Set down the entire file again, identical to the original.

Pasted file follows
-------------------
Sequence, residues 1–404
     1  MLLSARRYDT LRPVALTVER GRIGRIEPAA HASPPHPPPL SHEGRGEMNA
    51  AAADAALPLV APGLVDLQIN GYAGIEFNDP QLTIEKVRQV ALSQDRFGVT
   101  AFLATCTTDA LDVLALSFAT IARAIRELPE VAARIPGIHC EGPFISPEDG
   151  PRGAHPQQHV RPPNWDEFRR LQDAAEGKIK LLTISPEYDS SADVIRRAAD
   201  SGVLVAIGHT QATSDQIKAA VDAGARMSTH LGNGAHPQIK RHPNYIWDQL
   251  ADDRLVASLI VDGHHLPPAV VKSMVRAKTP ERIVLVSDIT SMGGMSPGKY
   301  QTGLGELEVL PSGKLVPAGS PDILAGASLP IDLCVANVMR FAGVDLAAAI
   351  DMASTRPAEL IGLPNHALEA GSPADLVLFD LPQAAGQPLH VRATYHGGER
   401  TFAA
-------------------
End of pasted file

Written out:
Sequence, residues 1–404
     1  MLLSARRYDT LRPVALTVER GRIGRIEPAA HASPPHPPPL SHEGRGEMNA
    51  AAADAALPLV APGLVDLQIN GYAGIEFNDP QLTIEKVRQV ALSQDRFGVT
   101  AFLATCTTDA LDVLALSFAT IARAIRELPE VAARIPGIHC EGPFISPEDG
   151  PRGAHPQQHV RPPNWDEFRR LQDAAEGKIK LLTISPEYDS SADVIRRAAD
   201  SGVLVAIGHT QATSDQIKAA VDAGARMSTH LGNGAHPQIK RHPNYIWDQL
   251  ADDRLVASLI VDGHHLPPAV VKSMVRAKTP ERIVLVSDIT SMGGMSPGKY
   301  QTGLGELEVL PSGKLVPAGS PDILAGASLP IDLCVANVMR FAGVDLAAAI
   351  DMASTRPAEL IGLPNHALEA GSPADLVLFD LPQAAGQPLH VRATYHGGER
   401  TFAA